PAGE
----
Eugene V. Rostow, the director of the U.S. Arms Control and Disarmament Agency, said yesterday it is "plausible" the United States might use nuclear weapons first in a conflict with the Soviet Union.
Rostow, appearing on "Meet the Press" (NBC, WRC), said the United States' NATO allies "are very firm, extremely firm on that very subject" because their security depends on the "implicit threat" that nuclear weapons would be used "to prevent them from being overrun, even by tanks."
In a speech before the United Nation's special session on disarmament last week, Soviet Foreign Minister Andrei A. Gromyko relayed Soviet President Leonid I. Brezhnev's pledge not to use nuclear weapons first in any conflict. But the United States rejected Brezhnev's request that it make a similar promise.
Shortly after the speech, the State Department issued a statement calling the Soviet pledge and challenge "not an effective way to reduce the danger of nuclear war." The State Department referred to an April 6 speech by Secretary of State Alexander M. Haig Jr. who said that the threat of nuclear retaliation is important to the defense of Europe because the North Atlantic Treaty Organization is outnumbered in conventional troops and weapons by the Soviet's Warsaw Pact forces.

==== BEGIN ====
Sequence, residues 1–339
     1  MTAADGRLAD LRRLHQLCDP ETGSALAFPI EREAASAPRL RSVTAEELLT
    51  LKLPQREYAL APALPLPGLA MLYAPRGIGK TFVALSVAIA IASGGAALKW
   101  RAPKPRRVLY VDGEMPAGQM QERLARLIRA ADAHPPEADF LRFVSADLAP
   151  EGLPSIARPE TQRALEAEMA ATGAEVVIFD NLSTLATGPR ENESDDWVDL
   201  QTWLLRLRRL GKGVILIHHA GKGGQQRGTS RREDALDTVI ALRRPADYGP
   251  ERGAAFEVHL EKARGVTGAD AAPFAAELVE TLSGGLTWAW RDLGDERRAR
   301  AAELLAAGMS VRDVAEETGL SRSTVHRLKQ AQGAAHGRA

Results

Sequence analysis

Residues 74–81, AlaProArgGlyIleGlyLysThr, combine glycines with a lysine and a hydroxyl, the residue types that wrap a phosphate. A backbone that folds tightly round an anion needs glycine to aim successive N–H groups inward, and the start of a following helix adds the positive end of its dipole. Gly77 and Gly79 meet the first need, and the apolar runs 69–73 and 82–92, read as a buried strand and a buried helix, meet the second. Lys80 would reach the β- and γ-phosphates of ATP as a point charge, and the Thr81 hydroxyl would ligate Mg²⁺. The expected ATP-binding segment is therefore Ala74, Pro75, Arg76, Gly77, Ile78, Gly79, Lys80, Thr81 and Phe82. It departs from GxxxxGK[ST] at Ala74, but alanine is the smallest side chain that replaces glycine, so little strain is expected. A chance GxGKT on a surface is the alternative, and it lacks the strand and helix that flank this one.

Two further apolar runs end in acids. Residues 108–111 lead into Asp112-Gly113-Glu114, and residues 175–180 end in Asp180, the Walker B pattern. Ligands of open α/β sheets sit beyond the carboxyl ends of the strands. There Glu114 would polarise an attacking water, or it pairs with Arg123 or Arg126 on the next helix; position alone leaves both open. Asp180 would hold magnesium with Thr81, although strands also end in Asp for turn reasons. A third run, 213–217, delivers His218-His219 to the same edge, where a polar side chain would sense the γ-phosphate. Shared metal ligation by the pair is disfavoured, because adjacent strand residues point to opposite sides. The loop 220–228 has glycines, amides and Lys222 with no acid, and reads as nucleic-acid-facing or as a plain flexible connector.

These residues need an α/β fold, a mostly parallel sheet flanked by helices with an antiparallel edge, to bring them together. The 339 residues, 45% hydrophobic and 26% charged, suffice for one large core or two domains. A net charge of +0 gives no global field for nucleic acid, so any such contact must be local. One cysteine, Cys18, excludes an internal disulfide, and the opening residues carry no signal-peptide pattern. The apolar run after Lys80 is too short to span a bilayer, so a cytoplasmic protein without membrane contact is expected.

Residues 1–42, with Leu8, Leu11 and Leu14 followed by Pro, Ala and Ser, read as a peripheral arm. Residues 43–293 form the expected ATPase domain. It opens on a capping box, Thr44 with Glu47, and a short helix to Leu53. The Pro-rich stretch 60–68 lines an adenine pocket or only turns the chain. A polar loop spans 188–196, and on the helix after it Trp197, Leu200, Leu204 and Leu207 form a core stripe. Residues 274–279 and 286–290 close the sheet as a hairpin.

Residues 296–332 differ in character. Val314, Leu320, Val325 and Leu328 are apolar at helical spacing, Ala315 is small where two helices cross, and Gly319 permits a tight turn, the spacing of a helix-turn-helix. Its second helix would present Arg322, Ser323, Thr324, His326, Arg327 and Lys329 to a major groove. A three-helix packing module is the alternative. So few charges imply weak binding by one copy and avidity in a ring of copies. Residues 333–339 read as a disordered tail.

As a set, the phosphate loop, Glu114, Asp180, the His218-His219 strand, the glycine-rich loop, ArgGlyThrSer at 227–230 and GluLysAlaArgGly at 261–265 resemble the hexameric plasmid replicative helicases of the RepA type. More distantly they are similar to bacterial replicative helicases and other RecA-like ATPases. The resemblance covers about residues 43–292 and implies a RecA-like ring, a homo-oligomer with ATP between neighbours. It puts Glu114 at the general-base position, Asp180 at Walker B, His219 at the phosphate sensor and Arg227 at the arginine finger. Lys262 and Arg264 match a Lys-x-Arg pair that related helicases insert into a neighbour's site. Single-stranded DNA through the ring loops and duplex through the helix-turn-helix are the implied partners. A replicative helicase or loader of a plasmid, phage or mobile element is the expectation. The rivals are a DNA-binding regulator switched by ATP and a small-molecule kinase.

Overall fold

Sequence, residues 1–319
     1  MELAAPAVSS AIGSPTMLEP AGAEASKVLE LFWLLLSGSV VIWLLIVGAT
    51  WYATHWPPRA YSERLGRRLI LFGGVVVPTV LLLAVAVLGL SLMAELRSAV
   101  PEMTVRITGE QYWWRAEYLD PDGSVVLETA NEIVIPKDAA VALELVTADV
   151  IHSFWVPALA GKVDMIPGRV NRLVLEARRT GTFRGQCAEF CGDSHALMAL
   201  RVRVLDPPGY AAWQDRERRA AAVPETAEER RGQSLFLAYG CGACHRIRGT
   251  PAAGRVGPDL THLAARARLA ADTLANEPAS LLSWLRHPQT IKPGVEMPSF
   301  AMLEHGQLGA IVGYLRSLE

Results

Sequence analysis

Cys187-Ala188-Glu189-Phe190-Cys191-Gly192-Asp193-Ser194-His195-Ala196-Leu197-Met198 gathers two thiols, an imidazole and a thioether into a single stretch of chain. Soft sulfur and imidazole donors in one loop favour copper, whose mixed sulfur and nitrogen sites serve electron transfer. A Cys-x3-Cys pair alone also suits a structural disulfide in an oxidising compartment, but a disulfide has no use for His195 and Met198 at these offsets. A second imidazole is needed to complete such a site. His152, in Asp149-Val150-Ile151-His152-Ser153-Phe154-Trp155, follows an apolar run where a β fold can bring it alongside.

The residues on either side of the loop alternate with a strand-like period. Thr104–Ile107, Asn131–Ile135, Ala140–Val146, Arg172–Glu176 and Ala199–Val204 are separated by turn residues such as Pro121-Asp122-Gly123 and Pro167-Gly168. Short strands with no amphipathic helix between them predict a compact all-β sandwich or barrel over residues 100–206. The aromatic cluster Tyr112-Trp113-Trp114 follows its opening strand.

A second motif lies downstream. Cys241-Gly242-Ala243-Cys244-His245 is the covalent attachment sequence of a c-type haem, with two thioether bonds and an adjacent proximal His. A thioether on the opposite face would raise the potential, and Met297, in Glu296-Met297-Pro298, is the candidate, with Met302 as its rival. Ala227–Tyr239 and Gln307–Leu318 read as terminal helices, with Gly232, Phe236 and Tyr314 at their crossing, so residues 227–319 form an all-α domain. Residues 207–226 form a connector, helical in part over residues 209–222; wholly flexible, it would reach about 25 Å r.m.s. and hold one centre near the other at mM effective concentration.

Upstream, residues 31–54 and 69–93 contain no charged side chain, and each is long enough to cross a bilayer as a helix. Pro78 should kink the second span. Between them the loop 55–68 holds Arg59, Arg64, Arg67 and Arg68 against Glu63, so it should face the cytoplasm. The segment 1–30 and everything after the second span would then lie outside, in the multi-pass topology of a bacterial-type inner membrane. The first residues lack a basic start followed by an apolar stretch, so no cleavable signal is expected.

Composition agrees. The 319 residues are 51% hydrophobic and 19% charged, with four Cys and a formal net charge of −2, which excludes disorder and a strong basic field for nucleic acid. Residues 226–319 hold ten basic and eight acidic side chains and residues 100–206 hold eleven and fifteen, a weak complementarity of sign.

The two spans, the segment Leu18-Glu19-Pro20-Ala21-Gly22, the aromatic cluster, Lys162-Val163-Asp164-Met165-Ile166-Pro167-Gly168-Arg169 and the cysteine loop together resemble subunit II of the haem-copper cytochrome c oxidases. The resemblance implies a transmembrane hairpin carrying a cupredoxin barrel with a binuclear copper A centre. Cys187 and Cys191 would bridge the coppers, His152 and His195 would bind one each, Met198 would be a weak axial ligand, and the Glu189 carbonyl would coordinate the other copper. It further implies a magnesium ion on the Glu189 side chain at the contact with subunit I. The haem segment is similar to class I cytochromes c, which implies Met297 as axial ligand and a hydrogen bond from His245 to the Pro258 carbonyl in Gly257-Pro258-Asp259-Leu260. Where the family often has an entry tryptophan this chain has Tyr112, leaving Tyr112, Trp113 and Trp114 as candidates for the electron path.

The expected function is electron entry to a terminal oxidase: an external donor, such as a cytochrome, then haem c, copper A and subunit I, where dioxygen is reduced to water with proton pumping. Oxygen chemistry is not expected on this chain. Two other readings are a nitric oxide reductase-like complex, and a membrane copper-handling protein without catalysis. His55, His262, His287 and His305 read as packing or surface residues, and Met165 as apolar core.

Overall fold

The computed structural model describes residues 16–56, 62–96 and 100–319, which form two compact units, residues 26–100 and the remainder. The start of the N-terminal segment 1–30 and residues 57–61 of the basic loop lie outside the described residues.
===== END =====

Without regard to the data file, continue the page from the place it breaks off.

Haig argued that renouncing first use of nuclear weapons would require the West to maintain the same levels of ground forces as the communist bloc, and could require the United States, in particular, to resume the draft, triple the armed forces and adopt a wartime economy.
When pressed on the plausibility of the theory that the United States would actually attack the Soviet Union with nuclear weapons if Soviet tanks rolled into Germany, Rostow said, "The question of uncertainty about that response has been the main element of deterrence now for a generation."
Rostow said he thinks the pacificist movement in Europe is "much weaker, and all my European friends tell me it's much weaker today than it was six or eight months ago" before President Reagan and other U.S. officials began responding to public concerns.
Rostow also said that while the people behind the worldwide antinuclear movements are "sincere" and "deeply concerned," there is "no doubt" the communists are attempting to exploit and manipulate them.